He said they will last almost as long as traditional carvings. They are slightly more brittle, but will only break in extreme impacts. Another advantage is that the glue mixture means they cannot rot or be infested with insects, both issues for timber carvings.

He said that a similar technique could be employed with rice husks or dried leaves, but they would have to be ground into a fine powder before they could be used.

The sawdust mixture is prepared and then poured into a mould, resulting in a hollow product. This technique meant the pieces were lighter, and significantly less brittle.

Reakossa Arts produces different sizes of statues, ranging from a few centimetres tall to the size of a full grown man.

The company was commissioned to produce large statues for both Phnom Penh and Siem Reap international airports.

He said the costs – in both raw materials and time – were so much better than those of copper or timber, and he was able to offer small souvenirs for as little as $5. A half metre piece might be as high as $99, with larger ones often special commissions.

“At the beginning of our first year, the business was very successful, and even in 2019 our sales were looking promising. Of course, as we are focused on tourism, we almost closed down during the Covid-19 pandemic and the closed borders – which kept us all safe,” he added.

Airports, souvenir shops, hotels and resorts were Seng Thai’s primary markets, and he had never considered employing social media to sell his products.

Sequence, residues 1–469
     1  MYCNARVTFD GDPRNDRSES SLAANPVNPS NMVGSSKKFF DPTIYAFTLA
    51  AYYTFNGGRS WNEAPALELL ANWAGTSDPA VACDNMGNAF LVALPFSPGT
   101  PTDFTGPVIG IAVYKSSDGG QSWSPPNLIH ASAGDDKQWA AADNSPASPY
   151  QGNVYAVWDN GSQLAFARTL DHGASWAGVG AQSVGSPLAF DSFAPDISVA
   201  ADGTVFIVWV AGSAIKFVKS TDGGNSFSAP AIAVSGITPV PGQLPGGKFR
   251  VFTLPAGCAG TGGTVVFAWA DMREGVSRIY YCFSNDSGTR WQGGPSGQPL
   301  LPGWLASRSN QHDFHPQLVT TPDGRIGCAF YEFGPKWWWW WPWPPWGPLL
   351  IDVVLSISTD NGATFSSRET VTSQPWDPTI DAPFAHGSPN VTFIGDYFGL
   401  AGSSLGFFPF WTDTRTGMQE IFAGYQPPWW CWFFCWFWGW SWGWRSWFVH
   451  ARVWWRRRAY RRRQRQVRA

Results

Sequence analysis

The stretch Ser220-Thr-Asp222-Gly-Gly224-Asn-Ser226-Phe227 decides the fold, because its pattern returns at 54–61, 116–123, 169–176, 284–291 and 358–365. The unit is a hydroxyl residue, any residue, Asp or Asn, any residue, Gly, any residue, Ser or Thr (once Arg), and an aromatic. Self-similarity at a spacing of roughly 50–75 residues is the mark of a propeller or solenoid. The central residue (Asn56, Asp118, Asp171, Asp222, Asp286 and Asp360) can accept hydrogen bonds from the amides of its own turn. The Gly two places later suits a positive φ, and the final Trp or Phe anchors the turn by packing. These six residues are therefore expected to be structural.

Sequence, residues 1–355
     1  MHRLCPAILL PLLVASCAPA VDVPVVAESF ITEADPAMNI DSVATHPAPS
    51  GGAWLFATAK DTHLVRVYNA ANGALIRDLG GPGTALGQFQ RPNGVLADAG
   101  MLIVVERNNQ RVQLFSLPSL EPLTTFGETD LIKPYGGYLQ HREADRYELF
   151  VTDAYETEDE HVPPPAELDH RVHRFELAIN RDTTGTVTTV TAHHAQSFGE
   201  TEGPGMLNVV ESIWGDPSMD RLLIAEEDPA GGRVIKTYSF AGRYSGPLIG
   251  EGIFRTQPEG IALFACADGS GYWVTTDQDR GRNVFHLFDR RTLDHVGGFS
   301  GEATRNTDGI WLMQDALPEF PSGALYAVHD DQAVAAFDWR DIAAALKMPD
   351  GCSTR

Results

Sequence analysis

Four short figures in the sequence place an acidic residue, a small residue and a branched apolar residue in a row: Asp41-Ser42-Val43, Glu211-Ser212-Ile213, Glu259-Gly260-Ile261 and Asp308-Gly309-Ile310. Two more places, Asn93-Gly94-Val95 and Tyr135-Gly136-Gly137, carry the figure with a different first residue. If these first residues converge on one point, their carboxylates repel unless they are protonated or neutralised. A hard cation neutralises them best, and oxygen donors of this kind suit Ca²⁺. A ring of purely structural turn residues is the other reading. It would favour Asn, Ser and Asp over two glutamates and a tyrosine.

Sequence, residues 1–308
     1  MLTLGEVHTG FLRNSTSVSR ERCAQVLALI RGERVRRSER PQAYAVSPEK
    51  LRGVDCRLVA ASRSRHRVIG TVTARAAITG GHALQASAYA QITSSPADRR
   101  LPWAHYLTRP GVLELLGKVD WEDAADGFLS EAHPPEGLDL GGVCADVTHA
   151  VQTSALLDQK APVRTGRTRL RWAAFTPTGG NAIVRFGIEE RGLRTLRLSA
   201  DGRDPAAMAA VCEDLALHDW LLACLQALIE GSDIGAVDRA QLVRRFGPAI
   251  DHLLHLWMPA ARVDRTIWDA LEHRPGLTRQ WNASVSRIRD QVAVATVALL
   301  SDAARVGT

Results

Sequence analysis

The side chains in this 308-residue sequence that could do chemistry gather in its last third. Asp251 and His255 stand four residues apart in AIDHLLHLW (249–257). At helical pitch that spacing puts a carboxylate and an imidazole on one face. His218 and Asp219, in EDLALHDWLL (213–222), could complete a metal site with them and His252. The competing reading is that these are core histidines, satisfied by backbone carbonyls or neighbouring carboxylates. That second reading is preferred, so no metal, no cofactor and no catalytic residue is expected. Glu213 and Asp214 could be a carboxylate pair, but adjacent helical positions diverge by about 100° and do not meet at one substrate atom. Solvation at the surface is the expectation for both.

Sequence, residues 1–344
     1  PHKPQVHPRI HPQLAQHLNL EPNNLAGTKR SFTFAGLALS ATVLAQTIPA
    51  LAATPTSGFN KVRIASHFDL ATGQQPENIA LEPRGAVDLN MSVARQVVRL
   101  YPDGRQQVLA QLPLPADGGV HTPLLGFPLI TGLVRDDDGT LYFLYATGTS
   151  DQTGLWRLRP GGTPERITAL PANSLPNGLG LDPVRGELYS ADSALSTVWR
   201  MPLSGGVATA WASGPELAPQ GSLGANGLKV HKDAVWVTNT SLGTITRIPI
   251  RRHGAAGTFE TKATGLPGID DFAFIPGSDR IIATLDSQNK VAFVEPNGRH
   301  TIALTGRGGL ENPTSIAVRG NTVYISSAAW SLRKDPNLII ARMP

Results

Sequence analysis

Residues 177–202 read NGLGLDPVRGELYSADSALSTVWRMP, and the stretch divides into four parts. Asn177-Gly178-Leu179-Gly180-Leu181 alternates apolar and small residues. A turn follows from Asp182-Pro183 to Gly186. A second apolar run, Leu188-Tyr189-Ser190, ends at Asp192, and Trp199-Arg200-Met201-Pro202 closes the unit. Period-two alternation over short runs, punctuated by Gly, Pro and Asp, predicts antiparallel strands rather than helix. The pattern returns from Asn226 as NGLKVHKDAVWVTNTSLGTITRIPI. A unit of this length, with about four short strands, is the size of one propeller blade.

However, the situation was suddenly turned almost 180 degrees by the pandemic.

He said that when tourists stopped travelling, many local businesses were badly affected, although by late 2020 tourists had begun to return.

Small-money digital Covid deals

“During the closures, I had to think about how now I could sell our existing products to generate an income. I started learning digital marketing skills to attract local customers and lowered my prices,” he said.

He often gets orders for small dolls and key rings for use as wedding mementos. These small items cost 2,000 riel [$0.50] each and are nicely packaged with stickers featuring the names of the bride and groom.

Seng Thai stressed that the business has not yet returned to profitability, with the pieces it sells for 2,000 riel once having a $5 price tag.

He suggested that the tourism sector in Siem Reap had recovered to just 10 or 20 per cent of pre-pandemic levels, which meant Reakossa had fewer trading partners.

“I do not have so many local customers yet. When the prime minister announced the reopening of the country, we saw a boost, but it seems to have slowed down since Khmer New Year. Anyways, I am not ready to quit – we just have to hang in there,” he said.

Reakossa Arts was registered with the Ministry of Commerce, Siem Reap Provincial Tax Branch and the Siem Reap provincial department of handicrafts, and pays its taxes regularly.

Thanks to its registration, the company has had opportunities to exhibit its products, including at the recent ASEAN Foreign Ministers’ Meeting in Phnom Penh.

“The ministry gave my business the chance to participate, and I was grateful. They also shared my products via electronic channels,” he said.

Reakossa Arts products are available at major souvenir shops in Phnom Penh and Siem Reap.

Kim Yi Joo, 37, the owner of a souvenir shop called Made in Cambodia Market, said the sawdust products are popular with foreign tourists.

“They seem to be particularly successful with international travellers because of the fact that they are made from recycled materials and their light weight. Their classic Khmer beauty probably helps too!” he added.